Space

NASA probe enters the tightest orbit ever around a planetary object

NASA probe enters the tightest...
Shot of the asteroid Bennu during an earlier flyby 
Shot of the asteroid Bennu during an earlier flyby 
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Image snapped shortly after OSIRIS-REx entered the Orbital B phase of its mission, from an altitude of 680 meters
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Image snapped shortly after OSIRIS-REx entered the Orbital B phase of its mission, from an altitude of 680 meters
Diagram showing OSIRIS-REx's different orbital phases
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Diagram showing OSIRIS-REx's different orbital phases
Shot of the asteroid Bennu during an earlier flyby 
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Shot of the asteroid Bennu during an earlier flyby 

NASA's OSIRIS-REx mission to the asteroid Bennu has already brought about a series of landmark moments for space exploration, not least of which is the fact that the rock currently stands as the smallest object ever orbited by a spacecraft. Not content with that, mission control has moved the probe into tighter and tighter loops around the asteroid, now setting a new record for the closest ever orbit of a planetary body.

OSIRIS-REx entered orbit around Bennu last New Year's Eve on a mission to study the asteroid and scoop up a sample to return to Earth. At the time, it was actually executing the tightest orbit around a planetary body, circling the asteroid at a distance of around a mile (1.6 km), gathering sharper and sharper images of its surface and uncovering new insights ahead of the sampling attempt.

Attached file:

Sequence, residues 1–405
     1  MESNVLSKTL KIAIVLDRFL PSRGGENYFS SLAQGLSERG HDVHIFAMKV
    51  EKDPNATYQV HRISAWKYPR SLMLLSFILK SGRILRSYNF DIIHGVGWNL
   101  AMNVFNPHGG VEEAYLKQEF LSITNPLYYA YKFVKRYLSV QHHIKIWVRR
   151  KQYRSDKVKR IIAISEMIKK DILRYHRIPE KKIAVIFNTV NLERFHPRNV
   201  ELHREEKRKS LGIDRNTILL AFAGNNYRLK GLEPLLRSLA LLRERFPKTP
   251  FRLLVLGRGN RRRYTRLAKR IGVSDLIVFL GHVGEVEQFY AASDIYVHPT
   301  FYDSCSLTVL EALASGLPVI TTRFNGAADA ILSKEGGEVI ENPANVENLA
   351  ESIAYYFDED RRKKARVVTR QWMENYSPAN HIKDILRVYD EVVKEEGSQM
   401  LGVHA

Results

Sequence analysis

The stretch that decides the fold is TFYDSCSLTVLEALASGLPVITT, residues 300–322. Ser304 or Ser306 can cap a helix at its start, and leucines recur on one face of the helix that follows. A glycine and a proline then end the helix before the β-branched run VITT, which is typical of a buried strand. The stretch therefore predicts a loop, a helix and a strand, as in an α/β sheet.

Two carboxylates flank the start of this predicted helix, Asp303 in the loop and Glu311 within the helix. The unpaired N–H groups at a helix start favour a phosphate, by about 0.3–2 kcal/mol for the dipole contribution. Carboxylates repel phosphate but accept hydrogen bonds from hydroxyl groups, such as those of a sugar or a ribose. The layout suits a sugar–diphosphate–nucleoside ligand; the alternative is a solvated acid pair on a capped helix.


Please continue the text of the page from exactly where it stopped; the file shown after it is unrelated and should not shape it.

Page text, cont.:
It latest maneuver saw the probe zoom in to an orbit just 680 m (2,231 ft) from the surface and enter a new phase of the mission called Orbital B. The first fortnight of this stage of the mission will be used to study mysterious plumes of material being ejected from the surface, which were spied by the mission scientists in images from January. It will also snap images like this one, captured shortly after OSIRIS-REx slipped into its new orbit.

Image snapped shortly after OSIRIS-REx entered the Orbital B phase of its mission, from an altitude of 680 meters
Image snapped shortly after OSIRIS-REx entered the Orbital B phase of its mission, from an altitude of 680 meters

Once it has probed the mysteries behind these eruptions it will begin work mapping the entire asteroid with its suite of scientific instruments. This will be critical in helping the team select the best site for sample collection, a procedure that will involve blasting the surface with nitrogen gas and scooping up small pebbles with a sampling arm. The samples are due to return to Earth in September 2023.

For now, OSIRIS-REx will remain in its tight orbit until mid-August, at which point it will move out to a slightly larger orbit for further observations. Sample collection is expected to take place in mid-2020.

Source: NASA

1 comment
edjudy
It would be kind of nifty to have a bit of information regarding the calculations on the gravitational forces involved in setting up the orbits around this "body". (for the benefit of "Flat Earthers" who seem to believe gravity does not exist - Oh, wait, they don't believe space exists either. Oh well, I would still be interested in the story of the planning to orbit this asteroid.)